Particular Concerns for Public Companies
Under ITSHRA, U.S. publicly traded companies will be subject to enhanced disclosure requirements related to Iran in their annual and quarterly reports filed with the Securities and Exchange Commission (SEC). The new disclosure requirements will apply to reports filed after Feb. 6, 2013, and will cover specified Iran-related activities that occurred during the periods covered by such reports.
In particular, under ITSHRA §219, if the issuer, or any affiliate of the issuer during the relevant reporting period, knowingly engages in certain Iran-related transactions, they must file a report detailing the nature and extent of the activity, the gross revenues and net profits attributable to the activity, and whether the issuer or its affiliates intends to continue the activity. The reports will be published on the SEC website. For a U.S. parent company that is publicly traded this creates additional compliance considerations for U.S. parent companies regarding how to address the change in law pertaining to U.S. subsidiary activity in Iran.
What Actions Should U.S. Companies Be Taking?
While Section 218 of the Act may have been targeting U.S. parent companies that had established foreign subsidiaries primarily or exclusively to do business in Iran (for example, in the oil and gas sector), some U.S. parent companies with foreign subsidiaries that may be directly or indirectly engaged in transactions relating to Iran will face difficult decisions in that they may not be able to avoid potential penalties by winding down their foreign subsidiary's business with Iran. While regulations to be issued by OFAC may provide more specific guidance and address pending questions, U.S. parent companies should not wait for these regulations, but should be taking action now to mitigate their exposure to penalties. The best course of action will depend on the circumstances of each particular company.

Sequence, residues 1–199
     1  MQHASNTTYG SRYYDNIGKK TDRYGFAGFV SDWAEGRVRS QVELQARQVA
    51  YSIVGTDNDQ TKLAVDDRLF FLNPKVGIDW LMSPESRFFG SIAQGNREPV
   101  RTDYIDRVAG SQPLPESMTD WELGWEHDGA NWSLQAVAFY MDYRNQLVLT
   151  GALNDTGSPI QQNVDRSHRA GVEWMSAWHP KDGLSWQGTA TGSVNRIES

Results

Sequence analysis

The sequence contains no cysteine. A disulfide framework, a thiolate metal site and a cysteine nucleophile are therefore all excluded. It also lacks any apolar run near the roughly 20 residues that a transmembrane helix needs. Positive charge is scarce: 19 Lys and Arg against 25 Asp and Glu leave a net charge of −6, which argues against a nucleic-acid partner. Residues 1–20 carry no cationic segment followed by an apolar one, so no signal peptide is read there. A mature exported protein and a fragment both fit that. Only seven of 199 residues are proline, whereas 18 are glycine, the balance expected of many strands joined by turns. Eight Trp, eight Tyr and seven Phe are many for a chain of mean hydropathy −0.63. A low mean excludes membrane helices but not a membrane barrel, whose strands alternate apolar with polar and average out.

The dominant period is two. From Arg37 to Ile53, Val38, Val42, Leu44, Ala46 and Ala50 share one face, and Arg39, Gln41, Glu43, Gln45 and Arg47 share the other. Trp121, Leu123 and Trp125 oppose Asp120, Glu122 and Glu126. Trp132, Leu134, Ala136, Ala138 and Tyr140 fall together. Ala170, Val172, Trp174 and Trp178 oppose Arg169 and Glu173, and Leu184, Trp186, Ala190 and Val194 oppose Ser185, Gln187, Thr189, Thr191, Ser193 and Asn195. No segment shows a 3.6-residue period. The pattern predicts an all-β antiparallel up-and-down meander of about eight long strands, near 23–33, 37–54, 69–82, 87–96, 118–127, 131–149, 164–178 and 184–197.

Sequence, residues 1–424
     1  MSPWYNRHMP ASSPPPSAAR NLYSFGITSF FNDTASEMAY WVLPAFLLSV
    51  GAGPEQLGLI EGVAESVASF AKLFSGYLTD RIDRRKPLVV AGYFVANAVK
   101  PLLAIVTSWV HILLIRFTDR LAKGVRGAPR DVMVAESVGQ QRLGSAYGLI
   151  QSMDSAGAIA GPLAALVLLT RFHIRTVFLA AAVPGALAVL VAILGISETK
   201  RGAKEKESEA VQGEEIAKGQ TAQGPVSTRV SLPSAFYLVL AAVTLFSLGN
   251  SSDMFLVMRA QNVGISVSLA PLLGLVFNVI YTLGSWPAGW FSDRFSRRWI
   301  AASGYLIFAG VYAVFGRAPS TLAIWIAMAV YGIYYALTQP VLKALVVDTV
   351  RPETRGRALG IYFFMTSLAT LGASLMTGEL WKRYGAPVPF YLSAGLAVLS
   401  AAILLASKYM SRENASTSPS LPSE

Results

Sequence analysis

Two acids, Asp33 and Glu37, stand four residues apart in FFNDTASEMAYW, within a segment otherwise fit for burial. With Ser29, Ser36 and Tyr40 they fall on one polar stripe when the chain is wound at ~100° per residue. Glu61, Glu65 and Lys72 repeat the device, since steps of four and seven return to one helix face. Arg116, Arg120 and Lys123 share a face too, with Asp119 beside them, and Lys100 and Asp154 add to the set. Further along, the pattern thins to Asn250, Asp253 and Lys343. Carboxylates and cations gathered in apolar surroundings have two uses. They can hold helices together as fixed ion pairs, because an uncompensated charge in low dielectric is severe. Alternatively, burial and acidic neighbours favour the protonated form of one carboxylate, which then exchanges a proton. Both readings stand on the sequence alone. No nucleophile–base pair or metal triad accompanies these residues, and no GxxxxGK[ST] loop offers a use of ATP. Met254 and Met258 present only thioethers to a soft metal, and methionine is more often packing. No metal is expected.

The Order also implements other sections of the Act, such as those relating to the provision of goods and services relating to Iran's petroleum sector. In particular, for shipments of oil to countries that have received presidential waivers under certain U.S. sanctions, the Order clarifies language in a prior Executive Order to allow parties not under the primary jurisdiction of the country that received the waiver to engage in most related transactions. For example, this would now allow a Norwegian ship owner to provide a vessel for carriage of oil to India (and insurers from various countries to insure the voyage), rather than requiring such parties to be from India.
U.S. sanctions on Iran are complex. This alert merely highlights certain provisions of the Order, and therefore, should not be construed as comprehensive or as legal advice.
Information contained in this alert is for the general education and knowledge of our readers. It is not designed to be, and should not be used as, the sole source of information when analyzing and resolving a legal problem. Moreover, the laws of each jurisdiction are different and are constantly changing. If you have specific questions regarding a particular fact situation, we urge you to consult competent legal counsel.